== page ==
CNTK achieves a slightly lower total loss because the CNTK loss function comprises only of softmax with cross entropy component, not the L2 weight regularization component. Later, we’ll see how we can customize CNTK to use our loss function that adds the L2 regularization component to softmax with cross entropy. We’ll also replace CNTK’s Stochastic Gradient Descent implementation with our own.
|Final Value of Loss Function||0.1155||0.2462|
Changing the Number of Neurons in the Hidden Layer
Next, let’s consider the effect of changing the number of neurons in the hidden layer. Classification accuracy for both the Matlab implementation and CNTK implementation is reported.
|Number of Neurons in Hidden Layer||Classification Accuracy (Matlab)||Classification Accuracy (CNTK)|
One can reduce the number of neurons in the hidden layer to 7 before the classification accuracy starts to drop significantly!
Classification Accuracy for Various Activation Functions
|Activation Function||RELU||Leaky RELU||Exponential RELU||Tanh||Sigmoid||None (Linear Activation)|
We can see that activation functions with sharp changes such as RELU are the most effective. Among the non-linear functions, a centered function such as tanh is more effective than non-centered function such as sigmoid. Not using an activation function significantly degrades classification accuracy.
Using Custom Loss and Training Functions
CNTK provides built-in implementations for commonly used loss functions such as softmax with cross entropy and trainers such as Stochastic Gradient Descent, ADAM 1, ADAGRAD2 and some of their variants. However, some problems require implementing a custom loss and training function. CNTK’s implementation of softmax with cross entropy loss doesn’t include the contribution from weight regularization, although the gradient of the weight regularization is included in the gradient calculation and parameter update. As mentioned earlier, this is the reason why the final loss computed by CNTK is slightly lower than the loss computed by our Matlab implementation. One can ask CNTK to use a custom loss function as follows:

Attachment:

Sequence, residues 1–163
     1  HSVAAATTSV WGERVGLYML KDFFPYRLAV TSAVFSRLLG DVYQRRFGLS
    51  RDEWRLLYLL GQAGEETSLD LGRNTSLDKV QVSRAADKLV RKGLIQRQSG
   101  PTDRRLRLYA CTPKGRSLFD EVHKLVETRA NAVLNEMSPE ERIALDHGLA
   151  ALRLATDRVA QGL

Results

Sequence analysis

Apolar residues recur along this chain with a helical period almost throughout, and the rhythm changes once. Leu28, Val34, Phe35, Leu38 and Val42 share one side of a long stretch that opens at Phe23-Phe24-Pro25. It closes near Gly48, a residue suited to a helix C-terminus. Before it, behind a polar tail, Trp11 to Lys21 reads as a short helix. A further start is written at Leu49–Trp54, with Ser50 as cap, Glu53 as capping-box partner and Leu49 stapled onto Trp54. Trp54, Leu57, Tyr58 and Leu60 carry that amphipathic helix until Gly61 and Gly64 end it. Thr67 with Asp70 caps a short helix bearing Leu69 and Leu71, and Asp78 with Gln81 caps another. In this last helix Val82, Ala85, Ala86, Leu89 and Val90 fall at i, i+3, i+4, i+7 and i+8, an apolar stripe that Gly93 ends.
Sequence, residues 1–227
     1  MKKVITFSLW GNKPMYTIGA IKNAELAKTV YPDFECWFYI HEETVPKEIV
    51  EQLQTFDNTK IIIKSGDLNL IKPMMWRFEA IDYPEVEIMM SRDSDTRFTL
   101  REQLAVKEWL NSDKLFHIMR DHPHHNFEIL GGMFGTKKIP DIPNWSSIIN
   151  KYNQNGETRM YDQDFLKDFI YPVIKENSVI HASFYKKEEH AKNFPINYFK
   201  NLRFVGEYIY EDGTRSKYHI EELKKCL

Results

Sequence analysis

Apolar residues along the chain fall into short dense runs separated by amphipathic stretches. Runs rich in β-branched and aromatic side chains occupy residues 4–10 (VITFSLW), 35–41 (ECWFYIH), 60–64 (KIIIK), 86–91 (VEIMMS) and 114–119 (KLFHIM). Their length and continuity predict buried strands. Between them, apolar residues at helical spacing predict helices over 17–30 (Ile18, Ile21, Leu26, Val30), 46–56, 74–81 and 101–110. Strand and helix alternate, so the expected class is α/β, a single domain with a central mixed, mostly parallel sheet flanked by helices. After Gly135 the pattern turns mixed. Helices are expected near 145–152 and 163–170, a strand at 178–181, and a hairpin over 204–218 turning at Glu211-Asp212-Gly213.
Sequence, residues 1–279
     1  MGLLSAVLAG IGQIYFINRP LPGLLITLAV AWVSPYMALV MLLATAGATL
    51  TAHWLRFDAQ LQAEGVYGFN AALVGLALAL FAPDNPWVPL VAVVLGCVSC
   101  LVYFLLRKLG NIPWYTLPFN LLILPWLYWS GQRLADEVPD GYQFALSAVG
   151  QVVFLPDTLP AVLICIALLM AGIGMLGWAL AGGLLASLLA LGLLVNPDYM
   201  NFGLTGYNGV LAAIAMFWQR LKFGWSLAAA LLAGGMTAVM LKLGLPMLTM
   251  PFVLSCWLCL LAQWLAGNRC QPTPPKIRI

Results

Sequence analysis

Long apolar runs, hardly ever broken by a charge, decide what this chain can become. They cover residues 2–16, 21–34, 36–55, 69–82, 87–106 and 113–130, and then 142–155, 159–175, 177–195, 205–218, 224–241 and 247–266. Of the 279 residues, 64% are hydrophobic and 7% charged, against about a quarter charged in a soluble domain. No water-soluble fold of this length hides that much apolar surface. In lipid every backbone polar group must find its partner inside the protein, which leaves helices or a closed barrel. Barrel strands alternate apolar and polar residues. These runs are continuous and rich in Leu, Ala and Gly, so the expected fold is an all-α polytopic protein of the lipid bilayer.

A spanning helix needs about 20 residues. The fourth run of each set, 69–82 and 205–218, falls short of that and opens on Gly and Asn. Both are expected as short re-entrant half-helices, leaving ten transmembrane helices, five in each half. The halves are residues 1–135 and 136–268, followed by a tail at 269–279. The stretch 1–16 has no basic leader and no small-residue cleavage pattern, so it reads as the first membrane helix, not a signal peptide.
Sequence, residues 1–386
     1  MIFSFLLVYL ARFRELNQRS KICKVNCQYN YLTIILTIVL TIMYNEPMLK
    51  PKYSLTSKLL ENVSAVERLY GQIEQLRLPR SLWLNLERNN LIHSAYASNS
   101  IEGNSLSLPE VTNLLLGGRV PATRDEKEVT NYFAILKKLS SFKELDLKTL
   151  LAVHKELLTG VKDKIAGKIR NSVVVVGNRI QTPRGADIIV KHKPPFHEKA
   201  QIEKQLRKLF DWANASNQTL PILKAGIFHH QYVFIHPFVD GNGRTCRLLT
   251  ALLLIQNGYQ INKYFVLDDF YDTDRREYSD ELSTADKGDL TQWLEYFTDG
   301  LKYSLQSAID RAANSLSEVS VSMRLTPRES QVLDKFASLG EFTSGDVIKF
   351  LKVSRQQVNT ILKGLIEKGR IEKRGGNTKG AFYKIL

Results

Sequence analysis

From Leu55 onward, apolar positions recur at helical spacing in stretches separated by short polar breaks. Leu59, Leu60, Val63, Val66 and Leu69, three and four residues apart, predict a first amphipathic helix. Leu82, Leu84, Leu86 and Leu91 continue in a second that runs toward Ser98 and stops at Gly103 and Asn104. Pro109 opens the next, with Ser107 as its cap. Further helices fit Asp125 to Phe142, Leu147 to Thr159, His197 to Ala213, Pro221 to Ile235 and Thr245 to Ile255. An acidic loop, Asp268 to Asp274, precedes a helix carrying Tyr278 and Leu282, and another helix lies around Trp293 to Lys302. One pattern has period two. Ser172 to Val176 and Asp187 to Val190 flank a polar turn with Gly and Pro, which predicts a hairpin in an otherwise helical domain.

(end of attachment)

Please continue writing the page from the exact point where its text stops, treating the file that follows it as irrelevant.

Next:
# Define our custom loss function
def cross_entropy_with_softmax_plus_regularization(model, labels, l2_regularization_weight):
w_norm = C.Constant(0);
for p in (model.parameters):
w_norm = C.plus(w_norm, 0.5*C.reduce_sum(C.square(p)))
return C.reduce_log_sum_exp(model.output) - C.reduce_log_sum_exp(C.times_transpose(labels, model.output)) + l2_regularization_weight*w_norm
my_loss = cross_entropy_with_softmax_plus_regularization(z, label, l2_regularization_weight)
# plug-in our loss function into the trainer
trainer = C.Trainer(z, (my_loss, eval_error), [learner])
Using this loss function, the final value of the total loss is very similar for the CNTK and Matlab implementations
|Final Value of the Loss Function||0.2540||0.2462|
Similarly, you can also insert your own parameter update logic by defining a custom trainer, as follows:
def my_gradient_update(parameters, gradients):
update_funcs = ;
for p, g in zip(parameters, gradients):
# ideally, these should be parameters.. don't know of a way to do this yet.
learning_rate = 1;
numSamples = 300;
# we need to divide by numSamples as the gradients are not scaled by the mini-batch size.
gradient_scale_factor = learning_rate/numSamples;
update_funcs.append(C.assign(p, p - gradient_scale_factor * g))
learner = C.universal(my_gradient_update, z.parameters)
trainer = C.Trainer(z, (my_loss, eval_error), [learner])